As Night Falls on Taiwan


Taiwan is well-known for its night markets. In Taipei, we couldn’t help but visit a few, as we explored the goods and foods they had to offer.

Our first experience was in Shilin Night Market, West Taipei. This is notorious for being a tourist trap, where goods are priced higher, and you will come across more of the cities travellers. Still, this meant it was a good spot to find some vegetarian food for me alongside delicious meaty goods for Dan! We enjoyed strolling around, admiring the organised chaos as we went. There was also a great little shopping street near here, where we could both get fresh food and where we first tasted the delight that is a Taiwanese dumpling.

After Shilin, we wanted to visit a more local and foodie night market. So, we opted for Raohe, a local night market in the North West of the city. Here, I smelt an aroma that was powerful and intense, not in a good way. Turns out, a popular food here is liver and kidneys. Boy, do they omit a pungent smell on a hot street! Gagging aside, there were a lot of tasty treats on offer, but admittedly these were more focused towards the Dan style consumer. There was little to be found, aside from fruit, for the veggie muncher. Still, I got to absorb the sites, sounds, and smells with the locals.

On our second half of the holiday we visited Hualian city’s night market too. Again, this was one that had more meats to offer, but the prices were much cheaper! It was also not as crowded, which gave me the chance to go shopping. Mistakes were made and I got confused when haggling and ended up paying full price for everything. Still, the equivalent of $20 for two dresses and two tops isn’t exactly bad, but I must have looked like a millionaire to other people around! That is what happens when Dan leaves me for a dumpling shop…though I can’t blame him. Dumplings every time.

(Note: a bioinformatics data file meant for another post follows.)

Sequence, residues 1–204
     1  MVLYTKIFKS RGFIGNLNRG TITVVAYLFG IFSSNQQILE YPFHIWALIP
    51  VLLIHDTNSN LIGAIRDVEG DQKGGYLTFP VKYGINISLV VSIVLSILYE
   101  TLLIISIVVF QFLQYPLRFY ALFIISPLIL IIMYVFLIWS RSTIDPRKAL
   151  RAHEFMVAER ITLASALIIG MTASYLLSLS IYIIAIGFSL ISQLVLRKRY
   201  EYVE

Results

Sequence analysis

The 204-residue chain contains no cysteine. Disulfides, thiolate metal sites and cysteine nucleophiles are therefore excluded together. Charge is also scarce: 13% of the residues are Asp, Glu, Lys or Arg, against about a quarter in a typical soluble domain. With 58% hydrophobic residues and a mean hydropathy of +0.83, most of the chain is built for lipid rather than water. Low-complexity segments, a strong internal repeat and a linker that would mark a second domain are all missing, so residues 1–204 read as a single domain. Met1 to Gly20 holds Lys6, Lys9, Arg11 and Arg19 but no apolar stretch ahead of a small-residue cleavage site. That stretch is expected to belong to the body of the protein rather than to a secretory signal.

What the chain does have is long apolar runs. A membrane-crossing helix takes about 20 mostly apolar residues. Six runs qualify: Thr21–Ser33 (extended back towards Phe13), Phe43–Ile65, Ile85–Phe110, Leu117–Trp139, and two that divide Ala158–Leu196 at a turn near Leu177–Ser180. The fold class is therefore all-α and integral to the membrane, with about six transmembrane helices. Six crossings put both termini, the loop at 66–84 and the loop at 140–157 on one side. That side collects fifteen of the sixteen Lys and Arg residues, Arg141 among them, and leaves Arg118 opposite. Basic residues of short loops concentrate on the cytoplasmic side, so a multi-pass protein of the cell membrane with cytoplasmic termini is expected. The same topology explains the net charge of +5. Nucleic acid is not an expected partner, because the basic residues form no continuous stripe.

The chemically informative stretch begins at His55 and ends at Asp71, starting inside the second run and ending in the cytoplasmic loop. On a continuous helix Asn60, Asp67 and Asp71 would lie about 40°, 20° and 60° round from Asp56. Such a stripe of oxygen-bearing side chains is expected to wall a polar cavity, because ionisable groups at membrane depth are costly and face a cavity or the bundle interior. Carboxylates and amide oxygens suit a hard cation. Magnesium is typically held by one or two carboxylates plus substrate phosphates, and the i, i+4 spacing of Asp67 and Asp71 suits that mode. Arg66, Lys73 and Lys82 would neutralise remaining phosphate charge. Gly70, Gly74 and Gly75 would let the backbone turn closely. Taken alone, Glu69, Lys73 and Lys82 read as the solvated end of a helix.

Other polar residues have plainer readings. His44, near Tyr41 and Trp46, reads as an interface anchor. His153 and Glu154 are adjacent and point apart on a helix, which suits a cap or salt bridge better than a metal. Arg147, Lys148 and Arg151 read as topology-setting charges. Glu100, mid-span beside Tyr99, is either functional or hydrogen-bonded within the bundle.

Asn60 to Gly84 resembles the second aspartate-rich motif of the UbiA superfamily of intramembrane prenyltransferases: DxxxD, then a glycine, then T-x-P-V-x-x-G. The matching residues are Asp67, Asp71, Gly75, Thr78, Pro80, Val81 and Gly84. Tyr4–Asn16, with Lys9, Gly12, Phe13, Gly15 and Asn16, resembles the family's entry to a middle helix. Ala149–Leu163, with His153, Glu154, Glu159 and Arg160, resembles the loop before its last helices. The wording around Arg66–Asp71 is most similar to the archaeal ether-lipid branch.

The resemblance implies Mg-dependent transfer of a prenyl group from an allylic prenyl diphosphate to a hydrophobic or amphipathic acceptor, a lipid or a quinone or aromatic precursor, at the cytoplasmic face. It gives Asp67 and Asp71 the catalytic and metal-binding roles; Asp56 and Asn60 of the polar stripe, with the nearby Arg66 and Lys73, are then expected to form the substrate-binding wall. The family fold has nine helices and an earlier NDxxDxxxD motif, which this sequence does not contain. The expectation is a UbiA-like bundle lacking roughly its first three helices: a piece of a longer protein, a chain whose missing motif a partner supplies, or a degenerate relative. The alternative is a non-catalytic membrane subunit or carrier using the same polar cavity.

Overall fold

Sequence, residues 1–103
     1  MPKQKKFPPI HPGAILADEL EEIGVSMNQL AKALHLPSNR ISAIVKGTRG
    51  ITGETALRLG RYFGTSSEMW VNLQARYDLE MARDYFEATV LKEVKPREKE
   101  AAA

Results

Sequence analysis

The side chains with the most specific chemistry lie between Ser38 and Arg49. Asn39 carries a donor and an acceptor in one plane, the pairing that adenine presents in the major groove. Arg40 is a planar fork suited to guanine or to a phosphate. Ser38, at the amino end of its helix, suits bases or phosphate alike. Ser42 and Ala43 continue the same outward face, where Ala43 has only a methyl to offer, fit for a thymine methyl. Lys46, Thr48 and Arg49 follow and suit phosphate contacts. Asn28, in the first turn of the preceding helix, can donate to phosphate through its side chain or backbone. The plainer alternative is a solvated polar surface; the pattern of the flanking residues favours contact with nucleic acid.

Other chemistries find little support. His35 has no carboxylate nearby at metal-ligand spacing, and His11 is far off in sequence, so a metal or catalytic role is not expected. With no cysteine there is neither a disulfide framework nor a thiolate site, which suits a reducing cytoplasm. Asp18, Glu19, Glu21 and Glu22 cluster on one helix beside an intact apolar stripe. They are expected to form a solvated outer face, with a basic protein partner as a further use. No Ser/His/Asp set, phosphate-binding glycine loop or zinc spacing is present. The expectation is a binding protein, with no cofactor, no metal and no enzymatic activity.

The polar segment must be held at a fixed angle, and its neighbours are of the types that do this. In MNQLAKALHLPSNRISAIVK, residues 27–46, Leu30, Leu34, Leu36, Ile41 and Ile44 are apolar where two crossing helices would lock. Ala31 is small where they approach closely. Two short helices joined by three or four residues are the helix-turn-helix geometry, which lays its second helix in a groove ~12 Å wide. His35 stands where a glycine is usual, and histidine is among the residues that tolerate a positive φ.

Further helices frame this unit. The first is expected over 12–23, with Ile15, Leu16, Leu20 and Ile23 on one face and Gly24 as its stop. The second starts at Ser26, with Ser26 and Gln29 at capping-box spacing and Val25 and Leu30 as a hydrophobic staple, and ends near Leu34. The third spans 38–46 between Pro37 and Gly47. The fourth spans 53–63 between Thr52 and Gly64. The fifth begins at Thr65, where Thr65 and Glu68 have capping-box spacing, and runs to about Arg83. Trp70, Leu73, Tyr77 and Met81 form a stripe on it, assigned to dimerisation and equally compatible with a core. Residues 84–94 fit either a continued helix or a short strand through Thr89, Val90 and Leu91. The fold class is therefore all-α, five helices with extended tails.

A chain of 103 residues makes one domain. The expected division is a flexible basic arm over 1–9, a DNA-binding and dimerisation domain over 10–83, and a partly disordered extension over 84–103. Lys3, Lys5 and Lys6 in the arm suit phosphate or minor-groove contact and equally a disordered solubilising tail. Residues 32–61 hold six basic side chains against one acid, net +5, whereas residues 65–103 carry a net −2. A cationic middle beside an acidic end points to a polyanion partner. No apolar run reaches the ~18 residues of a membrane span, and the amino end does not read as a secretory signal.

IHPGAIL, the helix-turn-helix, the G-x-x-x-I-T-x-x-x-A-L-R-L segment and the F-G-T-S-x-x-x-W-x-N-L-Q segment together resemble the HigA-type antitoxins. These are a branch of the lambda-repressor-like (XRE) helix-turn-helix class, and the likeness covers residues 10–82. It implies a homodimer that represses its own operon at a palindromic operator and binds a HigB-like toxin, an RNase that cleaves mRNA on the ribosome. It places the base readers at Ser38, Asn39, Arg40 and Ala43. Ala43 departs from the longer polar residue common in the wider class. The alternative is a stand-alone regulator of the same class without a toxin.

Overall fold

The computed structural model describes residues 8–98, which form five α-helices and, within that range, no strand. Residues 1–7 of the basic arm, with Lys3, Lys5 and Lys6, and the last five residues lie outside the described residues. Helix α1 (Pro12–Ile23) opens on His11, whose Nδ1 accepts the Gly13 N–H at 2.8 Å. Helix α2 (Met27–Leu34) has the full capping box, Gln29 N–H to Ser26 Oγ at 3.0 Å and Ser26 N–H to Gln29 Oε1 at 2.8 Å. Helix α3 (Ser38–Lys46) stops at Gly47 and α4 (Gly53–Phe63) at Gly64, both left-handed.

It is probably obvious, my favourite food, and it is safe to say Dan’s too, were the delicious dumplings. I couldn’t eat as many as Dan because of the vegetarian factor, but when I could, oh did I munch! They were so very tasty. So. So. Tasty. There was something immensely satisfying about that steamed goodness with a hot and tasty centre. I could eat dumplings all day, every day, leading to the conclusion that, for food at least, we moved to the wrong South Asian county. Japan, raw fish, Taiwan, dumpling heaven. No contender!

Right, I now need to spend a little time wiping my chin and walking off the ‘lack of Taiwanese dumplings in my life’ frustrations. I’m going to put The Script on loudly, thrust my hands in to my pockets, and with a sad glance and my white rice lunch, storm out of the office…

Thanks dumplings, I mean Taiwan.

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